Wednesday, June 27, 2012

Perspective in astronomy pictures

One movie that had a profound effect on me was E.T. Besides opening my eyes to a much larger world besides the earth we live in, I remember being amazed at Spielberg's beautiful filmwork and storytelling. Especially striking however, an image that often pops in my head is the picture of Eliot and the alien riding their bike transiting the moon. I must admit being tricked by the picture for many years and longing to see a moon that was that big! I always loved seeing the moon on the horizon because of the optical illusion it provides, but the illusion was never THAT big!  I want the moon to fill up more than half the sky like that!

Of course, I learned later the moon itself was zoomed in on, the biker superimposed on top, but still, what a great picture!

The thought for today is to calculate how far away are Elliot and the alien, given what we know about the true size of the moon? And we'll look at another "true" photograph from yesterday to calculate how far away the fisherman were.

One important fact that we need to know is the angular width of the moon. If you've been following the Summer Math Series so far, you'll remember I told you the moon and sun both occupy approximately 1/2 degree in the sky. This coincidence is a gift of God allowing for eclipses and measuring the solar system, but more about that later.

I "photoshopped" the image of E.T. to see how wide the bike and boy are. It looks like 4.25 "bikers" fit across the moon, so that means the angular size of a biker is:
$\frac {\tfrac{1}{2}^{\circ}}{moon } \frac{1 moon}{4.25 bikers} \approx 0.1^{\circ} / biker$

Using some trigonometry we can calculate the distance away the biker is. First, a triangle picture.  I am assuming that the biker in the picture is pretty much perpendicular to me, and so I draw a right triangle as shown:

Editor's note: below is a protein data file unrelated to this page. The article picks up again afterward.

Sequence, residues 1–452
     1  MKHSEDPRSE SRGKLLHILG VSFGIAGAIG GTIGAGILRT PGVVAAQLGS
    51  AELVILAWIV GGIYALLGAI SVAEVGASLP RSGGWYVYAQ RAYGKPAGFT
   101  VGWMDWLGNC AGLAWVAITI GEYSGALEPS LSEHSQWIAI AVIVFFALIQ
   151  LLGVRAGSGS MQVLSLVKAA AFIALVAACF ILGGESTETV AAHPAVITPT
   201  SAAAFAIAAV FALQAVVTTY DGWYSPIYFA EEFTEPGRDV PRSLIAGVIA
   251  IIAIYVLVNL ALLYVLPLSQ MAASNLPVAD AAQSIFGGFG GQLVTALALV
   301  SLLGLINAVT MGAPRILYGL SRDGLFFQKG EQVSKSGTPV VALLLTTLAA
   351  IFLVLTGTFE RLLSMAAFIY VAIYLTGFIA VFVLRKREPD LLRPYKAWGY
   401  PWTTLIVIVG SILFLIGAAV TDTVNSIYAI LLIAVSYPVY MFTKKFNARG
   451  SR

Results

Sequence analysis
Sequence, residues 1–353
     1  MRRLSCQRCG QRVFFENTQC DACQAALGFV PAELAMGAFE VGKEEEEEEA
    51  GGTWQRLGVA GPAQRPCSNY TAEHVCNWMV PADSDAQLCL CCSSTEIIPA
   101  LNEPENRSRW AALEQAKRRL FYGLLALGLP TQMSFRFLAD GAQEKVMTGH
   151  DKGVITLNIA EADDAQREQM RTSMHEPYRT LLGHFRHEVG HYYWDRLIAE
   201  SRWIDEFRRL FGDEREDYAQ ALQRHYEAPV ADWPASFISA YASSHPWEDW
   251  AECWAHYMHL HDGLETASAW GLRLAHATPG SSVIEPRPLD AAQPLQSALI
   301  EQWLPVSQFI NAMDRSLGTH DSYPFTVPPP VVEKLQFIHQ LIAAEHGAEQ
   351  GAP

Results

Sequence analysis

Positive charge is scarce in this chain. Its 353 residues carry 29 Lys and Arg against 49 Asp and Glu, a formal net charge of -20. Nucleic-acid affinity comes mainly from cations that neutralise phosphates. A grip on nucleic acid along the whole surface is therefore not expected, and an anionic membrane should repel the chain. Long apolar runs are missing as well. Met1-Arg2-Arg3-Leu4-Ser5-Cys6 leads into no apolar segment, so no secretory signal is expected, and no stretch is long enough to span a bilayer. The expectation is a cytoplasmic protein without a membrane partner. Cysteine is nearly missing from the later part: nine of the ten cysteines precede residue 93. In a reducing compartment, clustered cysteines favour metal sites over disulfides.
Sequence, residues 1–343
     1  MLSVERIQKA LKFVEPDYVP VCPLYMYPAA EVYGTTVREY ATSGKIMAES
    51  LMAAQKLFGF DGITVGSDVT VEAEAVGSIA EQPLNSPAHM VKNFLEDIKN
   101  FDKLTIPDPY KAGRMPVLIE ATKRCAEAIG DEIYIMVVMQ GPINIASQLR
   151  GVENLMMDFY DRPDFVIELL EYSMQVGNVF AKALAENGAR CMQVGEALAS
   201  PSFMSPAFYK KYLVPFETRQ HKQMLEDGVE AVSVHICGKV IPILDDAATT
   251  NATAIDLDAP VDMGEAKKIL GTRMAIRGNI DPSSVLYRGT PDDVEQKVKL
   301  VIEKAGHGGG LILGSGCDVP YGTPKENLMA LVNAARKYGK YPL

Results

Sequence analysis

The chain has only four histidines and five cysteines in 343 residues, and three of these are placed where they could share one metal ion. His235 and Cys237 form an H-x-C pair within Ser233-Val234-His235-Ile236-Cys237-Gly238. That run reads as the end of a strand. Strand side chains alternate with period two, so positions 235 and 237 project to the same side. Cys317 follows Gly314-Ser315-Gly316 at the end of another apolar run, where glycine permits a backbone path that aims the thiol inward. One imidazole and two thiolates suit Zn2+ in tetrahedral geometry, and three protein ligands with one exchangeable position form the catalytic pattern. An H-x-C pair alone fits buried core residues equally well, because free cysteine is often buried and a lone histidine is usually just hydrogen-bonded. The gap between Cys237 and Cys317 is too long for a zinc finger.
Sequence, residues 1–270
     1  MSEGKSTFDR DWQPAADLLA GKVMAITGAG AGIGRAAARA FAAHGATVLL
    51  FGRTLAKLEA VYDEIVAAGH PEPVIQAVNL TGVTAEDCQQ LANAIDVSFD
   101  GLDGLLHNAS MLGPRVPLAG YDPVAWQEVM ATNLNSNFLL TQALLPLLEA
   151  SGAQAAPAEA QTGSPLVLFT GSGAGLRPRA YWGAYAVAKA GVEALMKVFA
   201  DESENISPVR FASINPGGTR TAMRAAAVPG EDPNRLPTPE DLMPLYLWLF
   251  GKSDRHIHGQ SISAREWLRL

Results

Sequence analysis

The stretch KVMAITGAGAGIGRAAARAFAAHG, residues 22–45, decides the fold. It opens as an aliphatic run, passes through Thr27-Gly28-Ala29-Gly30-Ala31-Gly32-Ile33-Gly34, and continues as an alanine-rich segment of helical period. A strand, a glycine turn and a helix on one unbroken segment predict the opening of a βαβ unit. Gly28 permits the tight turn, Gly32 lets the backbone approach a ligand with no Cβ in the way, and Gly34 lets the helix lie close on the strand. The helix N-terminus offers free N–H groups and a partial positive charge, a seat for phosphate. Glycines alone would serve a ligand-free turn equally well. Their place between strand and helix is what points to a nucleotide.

The angle, height, and distance are all related by the tangent function:
$tan(\Theta )= \frac {opposite}{adjacent} = \frac{h}{distance}$
That means that if we know two out of those three things, we can calculate the third. Earlier we measured the angle, and if I assume the height of the biker to be approx 5 feet, we can calculate the distance by rearranging the equation:
$distance = \frac {h}{tan(\Theta )} = \frac {5 ft}{tan(.1^{\circ})} \approx 3000 ft$
Notice, if you type this into your calculator, you might get a more precise number -- I actually got 2864.786067 feet. That amount of precision is misleading, because I made two pretty uncertain measurements in the height of the biker (how do i know he isn't 5' 2" or 4' because he's sitting down?) and in the angular width of the biker (maybe its more like 4.5 bikers per moon, or only 4?)  When this situation arises, one rule of thumb is to round to as many numbers as you had when you made your assumptions. Since 5' had only one digit, I'm going to round to the nearest 1st digit.

So, if this picture was real -- the bikers would have had to be about a half mile away, giving you some idea of the telephoto lens required to make the shot.

Using similar analysis, we can return to the real picture that we looked at yesterday and calculate how far away the fisherman are:
The fisherman are approximately 2 suns tall, or 1 degree.  Assuming that they are adults of approximately 6 foot in height, I calculate:
$distance = \frac {h}{tan(\Theta )} = \frac {6 ft}{tan(1^{\circ})} \approx 343 ft$
To me that looks about normal for a foot ball field away, so this picture was probably taken with very little zoom.